The two extremes of China’s long standing one child per family policy were evident recently: the horrifying images of a young woman tied to a hospital bed while her seven-month foetus is forcibly aborted, and the equally horrifying reports that a new market has grown up in the sale of unborn children.
Kidnapping has long been a problem, another unwelcome feature of the one-child policy, but the latest trend is for women from poorer areas of the country to get pregnant with the deliberate intention of selling their babies. A trafficking network has made the whole process much easier. At the end of last week the police arrested some eight hundred suspects across fifteen provinces.
According to the Public Security Ministry, the practice of baby trafficking has reached an ‘epic’ scale. Even doctors are prepared to collaborate with the criminal gangs that have formed around the trade; even doctors have been found among the arrested. I suppose in a way that this is hardly surprising, when infertile couples or those wanting a much-prized male child are prepared to pay 80,000 yuan ($12000) for the privelage. The co-operation of the birth mother is an added bonus, making the activity far less risky than outright kidnapping.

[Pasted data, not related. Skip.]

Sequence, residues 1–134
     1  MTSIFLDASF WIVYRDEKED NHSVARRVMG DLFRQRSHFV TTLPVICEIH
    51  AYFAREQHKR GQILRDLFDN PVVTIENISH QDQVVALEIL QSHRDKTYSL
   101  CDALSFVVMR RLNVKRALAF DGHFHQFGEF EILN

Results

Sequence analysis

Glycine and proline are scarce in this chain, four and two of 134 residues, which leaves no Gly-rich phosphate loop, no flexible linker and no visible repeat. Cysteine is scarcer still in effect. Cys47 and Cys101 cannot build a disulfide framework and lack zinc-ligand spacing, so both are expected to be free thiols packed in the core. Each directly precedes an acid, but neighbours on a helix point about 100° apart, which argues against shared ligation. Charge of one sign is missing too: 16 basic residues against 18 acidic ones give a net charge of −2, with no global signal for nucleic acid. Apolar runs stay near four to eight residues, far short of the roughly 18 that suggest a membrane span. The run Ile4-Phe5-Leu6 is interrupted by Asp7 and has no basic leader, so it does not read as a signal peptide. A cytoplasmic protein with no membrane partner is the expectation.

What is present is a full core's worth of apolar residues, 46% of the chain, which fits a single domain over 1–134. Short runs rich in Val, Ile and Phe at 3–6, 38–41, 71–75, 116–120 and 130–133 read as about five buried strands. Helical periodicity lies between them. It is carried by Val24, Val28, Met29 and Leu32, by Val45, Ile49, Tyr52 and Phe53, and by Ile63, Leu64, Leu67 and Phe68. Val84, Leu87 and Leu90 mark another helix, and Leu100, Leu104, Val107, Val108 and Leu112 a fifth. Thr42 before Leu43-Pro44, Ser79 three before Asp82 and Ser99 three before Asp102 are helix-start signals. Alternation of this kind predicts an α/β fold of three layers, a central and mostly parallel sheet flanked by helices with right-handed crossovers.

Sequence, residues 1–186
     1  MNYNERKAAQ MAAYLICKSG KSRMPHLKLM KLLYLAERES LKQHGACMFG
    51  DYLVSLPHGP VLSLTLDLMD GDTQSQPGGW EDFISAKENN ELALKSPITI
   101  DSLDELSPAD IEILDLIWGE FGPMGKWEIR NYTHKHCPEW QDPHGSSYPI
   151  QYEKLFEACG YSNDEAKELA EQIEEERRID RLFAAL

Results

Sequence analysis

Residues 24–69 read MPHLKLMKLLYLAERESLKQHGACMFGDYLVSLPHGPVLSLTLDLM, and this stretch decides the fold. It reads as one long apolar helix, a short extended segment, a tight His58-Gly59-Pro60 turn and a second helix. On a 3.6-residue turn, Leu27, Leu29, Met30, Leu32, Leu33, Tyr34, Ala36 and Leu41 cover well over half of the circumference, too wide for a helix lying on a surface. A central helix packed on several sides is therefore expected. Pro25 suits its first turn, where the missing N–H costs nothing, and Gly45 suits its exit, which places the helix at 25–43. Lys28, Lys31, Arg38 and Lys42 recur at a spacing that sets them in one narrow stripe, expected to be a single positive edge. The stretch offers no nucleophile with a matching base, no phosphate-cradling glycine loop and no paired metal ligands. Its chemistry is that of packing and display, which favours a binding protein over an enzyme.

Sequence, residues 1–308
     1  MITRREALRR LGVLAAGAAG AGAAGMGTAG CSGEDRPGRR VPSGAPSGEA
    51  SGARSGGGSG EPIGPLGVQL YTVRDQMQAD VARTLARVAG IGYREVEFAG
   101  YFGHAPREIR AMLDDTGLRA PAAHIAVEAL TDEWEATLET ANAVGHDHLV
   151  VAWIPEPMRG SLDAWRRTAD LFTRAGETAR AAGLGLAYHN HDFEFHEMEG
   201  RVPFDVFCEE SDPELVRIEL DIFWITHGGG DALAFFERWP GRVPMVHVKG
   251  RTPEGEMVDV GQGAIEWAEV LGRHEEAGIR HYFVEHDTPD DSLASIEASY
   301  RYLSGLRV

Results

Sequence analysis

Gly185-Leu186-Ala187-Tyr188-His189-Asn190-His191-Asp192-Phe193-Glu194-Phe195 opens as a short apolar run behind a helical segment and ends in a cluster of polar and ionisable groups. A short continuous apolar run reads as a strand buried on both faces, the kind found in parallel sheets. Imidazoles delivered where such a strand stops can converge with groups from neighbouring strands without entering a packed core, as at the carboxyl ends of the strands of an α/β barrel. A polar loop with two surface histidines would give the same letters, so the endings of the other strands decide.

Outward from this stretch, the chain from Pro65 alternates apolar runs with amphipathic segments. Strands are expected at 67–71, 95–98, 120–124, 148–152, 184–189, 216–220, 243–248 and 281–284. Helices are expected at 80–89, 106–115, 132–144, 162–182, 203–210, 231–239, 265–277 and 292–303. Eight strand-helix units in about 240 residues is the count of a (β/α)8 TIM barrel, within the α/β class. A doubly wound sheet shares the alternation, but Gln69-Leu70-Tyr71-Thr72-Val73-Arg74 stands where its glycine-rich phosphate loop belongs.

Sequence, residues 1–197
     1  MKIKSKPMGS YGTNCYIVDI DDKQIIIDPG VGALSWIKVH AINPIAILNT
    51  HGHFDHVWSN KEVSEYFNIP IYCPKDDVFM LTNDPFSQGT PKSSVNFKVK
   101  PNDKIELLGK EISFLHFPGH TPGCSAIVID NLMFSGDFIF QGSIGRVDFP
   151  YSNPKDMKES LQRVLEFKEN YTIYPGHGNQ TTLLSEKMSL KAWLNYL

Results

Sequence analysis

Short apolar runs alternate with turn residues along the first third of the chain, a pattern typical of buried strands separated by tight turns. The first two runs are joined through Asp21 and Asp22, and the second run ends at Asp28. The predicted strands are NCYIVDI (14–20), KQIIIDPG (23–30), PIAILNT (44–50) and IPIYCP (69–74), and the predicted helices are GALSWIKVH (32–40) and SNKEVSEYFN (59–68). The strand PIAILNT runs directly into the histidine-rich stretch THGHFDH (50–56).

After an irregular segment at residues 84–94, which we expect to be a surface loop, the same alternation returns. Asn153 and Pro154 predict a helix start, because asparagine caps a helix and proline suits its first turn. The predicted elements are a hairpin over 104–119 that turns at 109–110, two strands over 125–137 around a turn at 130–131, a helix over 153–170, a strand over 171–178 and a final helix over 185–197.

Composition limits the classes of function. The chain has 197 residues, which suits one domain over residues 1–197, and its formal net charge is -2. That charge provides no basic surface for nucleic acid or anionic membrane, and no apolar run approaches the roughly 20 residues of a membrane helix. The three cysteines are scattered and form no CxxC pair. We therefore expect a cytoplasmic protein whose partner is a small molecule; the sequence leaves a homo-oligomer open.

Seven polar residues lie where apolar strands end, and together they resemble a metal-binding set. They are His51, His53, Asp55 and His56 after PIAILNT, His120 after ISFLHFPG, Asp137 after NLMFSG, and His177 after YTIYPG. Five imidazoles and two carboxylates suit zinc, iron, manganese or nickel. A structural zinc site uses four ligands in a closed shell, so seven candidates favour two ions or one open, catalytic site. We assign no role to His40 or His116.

Zhang Baoyan, who runs a website which aims to reunite kidnapped children with their parents, said that the baby sales was a grim new development and called for urgent changes to the country’s lax adoption laws;
Women are treating babies as commodities, just another way to make themselves fast money. We have heard of families that have sold for children the moment they were born. Women in the poor provinces are willing to trade a big belly once a year for a household income of 10000 yuan.
In some cases the mothers have little alternative but to dispose of second and subsequent children for fear of state reprisals, the kind of reprisals that saw that legal termination of a late pregnancy, little better than an act of murder. The main motive, though, is profit.
It’s a sellers’ market, with expectant mothers identifying themselves at an early stage to the middle men. There is enterprise here, a kind of Wall Street speculation in foetus futures, with rival buyers bidding against one another. Police action, in curtailing the market, has only sent the price up still further.
Those arrested in the recent crackdown are far from being the usual suspects. They include doctors, nurses, clinic owners, hoteliers and a range of other fixers. The scandal has focused the nation’s attention on the whole one child policy, set to cause a major demographic crisis. It’s all rather ironic when one considers that it was adopted to prevent such a crisis in the first place.
One user on Sina-Weibo, the Chinese micro-blogging site, offered his own comment about the situation “Between killing babies and selling them, we need to ask what this policy has turned us into.” Indeed you do.